Robert Noyes, a 3-year-old from Utah, was born without half of his left arm. A family friend created an affordable prosthetic for the boy using a 3D printer — and changed his life for the better.
A Utah boy is overjoyed after receiving a 3D-printed prosthetic arm made for him by a family friend.
3-year-old Robert Noyes was born without half of his left arm. A traditional prosthetic could cost upwards of $12,000, even after insurance, said the boy’s mother, Brandi Noyes, to Deseret News.
Worse yet, since children grow quickly, prosthetic arms become uncomfortable and need to be replaced — all of which takes time.
So Robert’s mother tried to see if there was a better option for her son. She came across the idea of 3D printing a prosthetic, which would not just cost less, but could also be created more quickly.
Eventually she reached out to family friend Ray Buckland, who had a 3D printer. As Noyes recalls: “He was on board immediately.”
Slowly but surely, 3D printing is completely changing the availability and affordability of prosthetic parts. Since Ivan Owen produced a 3D-printed mechanical hand in 2011 and made the files open source, he set the wheels in motion for innovation.
The e-NABLE community, a group of volunteers from around the world who use 3D printing to create prosthetic hands and arms for those in need, was born from Owen’s innovation.
Although Buckland was eager to help from the start, he didn’t have any experience printing a prosthetic before. He’d used his 3D printer so far to create small household items like an ice cream scoop and a spatula.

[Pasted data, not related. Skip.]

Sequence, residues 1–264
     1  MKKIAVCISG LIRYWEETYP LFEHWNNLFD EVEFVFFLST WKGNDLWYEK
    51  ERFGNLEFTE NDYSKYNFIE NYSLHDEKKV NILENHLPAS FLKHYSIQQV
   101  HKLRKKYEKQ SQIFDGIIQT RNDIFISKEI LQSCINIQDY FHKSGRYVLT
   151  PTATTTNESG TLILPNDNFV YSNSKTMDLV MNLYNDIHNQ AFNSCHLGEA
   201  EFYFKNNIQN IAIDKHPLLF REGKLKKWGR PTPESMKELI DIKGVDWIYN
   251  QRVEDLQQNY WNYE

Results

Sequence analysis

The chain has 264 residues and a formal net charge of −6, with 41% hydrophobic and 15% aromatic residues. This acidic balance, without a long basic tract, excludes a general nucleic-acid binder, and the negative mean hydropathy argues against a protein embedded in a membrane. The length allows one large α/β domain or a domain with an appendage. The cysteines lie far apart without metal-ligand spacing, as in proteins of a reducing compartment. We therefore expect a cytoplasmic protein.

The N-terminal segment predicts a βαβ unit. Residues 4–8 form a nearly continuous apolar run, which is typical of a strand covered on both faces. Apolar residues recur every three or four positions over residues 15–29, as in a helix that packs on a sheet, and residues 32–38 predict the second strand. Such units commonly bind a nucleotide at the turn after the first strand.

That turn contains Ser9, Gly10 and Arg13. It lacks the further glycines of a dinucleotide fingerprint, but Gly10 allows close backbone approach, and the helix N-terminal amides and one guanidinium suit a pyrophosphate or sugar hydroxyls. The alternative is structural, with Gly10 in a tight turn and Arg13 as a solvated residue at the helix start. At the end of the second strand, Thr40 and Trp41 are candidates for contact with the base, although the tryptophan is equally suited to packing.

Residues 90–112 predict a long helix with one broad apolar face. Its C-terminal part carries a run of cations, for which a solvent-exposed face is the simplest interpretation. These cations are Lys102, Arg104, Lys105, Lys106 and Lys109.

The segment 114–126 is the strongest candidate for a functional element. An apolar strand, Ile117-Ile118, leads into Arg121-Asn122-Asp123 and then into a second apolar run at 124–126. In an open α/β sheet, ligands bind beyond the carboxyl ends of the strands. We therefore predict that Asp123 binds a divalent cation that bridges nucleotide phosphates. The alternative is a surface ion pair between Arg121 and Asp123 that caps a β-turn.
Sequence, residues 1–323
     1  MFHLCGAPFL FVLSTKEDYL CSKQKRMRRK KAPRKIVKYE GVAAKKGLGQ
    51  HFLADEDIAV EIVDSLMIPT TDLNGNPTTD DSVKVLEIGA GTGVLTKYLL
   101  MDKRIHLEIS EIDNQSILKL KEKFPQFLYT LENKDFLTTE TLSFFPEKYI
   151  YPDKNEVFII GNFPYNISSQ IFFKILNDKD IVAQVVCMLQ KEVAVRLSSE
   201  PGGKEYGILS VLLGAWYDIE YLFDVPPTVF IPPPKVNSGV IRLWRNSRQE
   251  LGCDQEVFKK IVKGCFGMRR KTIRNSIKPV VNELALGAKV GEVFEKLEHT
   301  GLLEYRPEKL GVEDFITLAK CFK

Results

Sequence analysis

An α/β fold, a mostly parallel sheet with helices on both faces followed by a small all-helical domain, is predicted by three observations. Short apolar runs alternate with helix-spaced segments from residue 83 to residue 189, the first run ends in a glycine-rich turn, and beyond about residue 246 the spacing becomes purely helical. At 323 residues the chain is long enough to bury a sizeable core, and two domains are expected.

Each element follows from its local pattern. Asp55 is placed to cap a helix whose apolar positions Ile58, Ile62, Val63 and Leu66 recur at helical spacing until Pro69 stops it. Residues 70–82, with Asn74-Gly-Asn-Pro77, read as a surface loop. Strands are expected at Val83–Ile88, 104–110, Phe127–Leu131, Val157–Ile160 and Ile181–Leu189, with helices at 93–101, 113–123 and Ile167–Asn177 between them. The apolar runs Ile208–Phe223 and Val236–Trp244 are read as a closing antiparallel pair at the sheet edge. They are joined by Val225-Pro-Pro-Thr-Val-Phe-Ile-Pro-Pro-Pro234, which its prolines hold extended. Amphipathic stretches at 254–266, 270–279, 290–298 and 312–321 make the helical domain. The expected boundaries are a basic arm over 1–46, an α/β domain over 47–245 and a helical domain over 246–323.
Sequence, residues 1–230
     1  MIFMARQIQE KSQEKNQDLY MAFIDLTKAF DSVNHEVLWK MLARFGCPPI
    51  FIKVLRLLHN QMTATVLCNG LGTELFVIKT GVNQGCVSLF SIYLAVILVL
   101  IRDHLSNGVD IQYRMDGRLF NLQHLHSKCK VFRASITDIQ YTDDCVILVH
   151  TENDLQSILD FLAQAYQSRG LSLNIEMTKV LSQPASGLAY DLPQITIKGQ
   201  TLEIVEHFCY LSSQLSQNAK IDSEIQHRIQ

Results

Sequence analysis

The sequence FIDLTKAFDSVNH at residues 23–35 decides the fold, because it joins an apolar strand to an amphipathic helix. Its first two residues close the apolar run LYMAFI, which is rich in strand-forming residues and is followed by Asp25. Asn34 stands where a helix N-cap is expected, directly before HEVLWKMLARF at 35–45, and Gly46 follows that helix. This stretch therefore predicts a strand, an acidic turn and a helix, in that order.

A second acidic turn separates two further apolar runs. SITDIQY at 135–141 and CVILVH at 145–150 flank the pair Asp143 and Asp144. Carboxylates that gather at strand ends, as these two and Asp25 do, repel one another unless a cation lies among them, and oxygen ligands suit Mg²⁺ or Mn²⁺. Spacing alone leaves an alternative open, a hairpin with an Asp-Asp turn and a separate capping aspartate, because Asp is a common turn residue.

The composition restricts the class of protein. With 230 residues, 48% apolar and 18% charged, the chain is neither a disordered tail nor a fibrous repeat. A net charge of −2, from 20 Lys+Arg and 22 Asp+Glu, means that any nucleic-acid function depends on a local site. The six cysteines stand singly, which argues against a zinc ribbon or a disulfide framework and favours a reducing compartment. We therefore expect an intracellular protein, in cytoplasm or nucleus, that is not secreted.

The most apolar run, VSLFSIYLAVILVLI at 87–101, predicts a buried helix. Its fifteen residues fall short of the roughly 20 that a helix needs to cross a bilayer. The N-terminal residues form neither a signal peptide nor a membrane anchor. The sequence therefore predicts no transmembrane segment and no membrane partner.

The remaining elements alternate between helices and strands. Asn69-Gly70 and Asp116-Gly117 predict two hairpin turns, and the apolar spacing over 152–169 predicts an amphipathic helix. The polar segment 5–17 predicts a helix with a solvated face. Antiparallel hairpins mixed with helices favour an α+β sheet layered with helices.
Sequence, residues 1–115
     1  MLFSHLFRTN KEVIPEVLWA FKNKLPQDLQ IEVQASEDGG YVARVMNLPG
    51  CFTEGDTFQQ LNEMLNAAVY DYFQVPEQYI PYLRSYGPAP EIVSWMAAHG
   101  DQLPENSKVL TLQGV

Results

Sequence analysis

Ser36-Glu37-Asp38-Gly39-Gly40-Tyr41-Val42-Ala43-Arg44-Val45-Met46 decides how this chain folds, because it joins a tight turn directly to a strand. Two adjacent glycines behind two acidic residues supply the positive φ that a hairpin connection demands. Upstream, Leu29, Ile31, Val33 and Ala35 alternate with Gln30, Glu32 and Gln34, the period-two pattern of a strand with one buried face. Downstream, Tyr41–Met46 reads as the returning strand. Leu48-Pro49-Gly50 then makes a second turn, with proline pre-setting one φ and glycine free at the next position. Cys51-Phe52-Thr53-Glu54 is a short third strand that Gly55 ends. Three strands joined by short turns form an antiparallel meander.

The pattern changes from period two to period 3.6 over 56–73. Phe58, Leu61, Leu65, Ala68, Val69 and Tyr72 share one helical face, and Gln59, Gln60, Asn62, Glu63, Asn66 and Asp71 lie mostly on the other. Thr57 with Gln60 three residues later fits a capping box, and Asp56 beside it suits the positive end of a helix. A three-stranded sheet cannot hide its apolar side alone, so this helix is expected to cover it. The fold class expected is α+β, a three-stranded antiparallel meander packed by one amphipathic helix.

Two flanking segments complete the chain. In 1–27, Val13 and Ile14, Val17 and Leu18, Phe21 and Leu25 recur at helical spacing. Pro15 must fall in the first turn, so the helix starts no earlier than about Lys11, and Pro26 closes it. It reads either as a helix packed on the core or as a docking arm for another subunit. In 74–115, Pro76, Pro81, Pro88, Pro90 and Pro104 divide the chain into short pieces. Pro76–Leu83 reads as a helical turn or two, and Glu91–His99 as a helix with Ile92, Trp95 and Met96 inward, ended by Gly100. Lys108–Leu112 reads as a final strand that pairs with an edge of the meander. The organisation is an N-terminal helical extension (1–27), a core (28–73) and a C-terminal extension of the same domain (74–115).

Making a prosthetic was another matter entirely. But Buckland took on the challenge and got to work researching and practicing printing designs.
In the end, it took him 80 hours of printing to perfect the prosthetic. But, the family was extremely grateful and ecstatic with the result. Better yet, the resulting prosthetic cost only $25 in printing materials.
Noyes explains that her son hasn’t stopped smiling since he put on the prosthetic.
“He wants the world to know he’s got two hands,” she said. “The first thing he wants when he wakes up in the morning is his arm. And he gets disappointed when I have to take it off of him at night. It has to be where he can see it.”
Not only has this prosthetic brought a smile to Robert’s face, but also to Buckland’s. The two have become good friends and Robert now calls Buckland “Papa Ray”.
Adds Buckland, “I’d seen that little boy’s look on his face when he got this, and I said that’s what it’s all about.”
Read more about innovations in 3D printed prosthetic parts here:The Most Common 3D Printed Prosthetics
Source: Miami Herald
License: The text of "3-Year-Old Boy Gets 3D-Printed Prosthetic Arm From Family Friend" by All3DP is licensed under a Creative Commons Attribution 4.0 International License.
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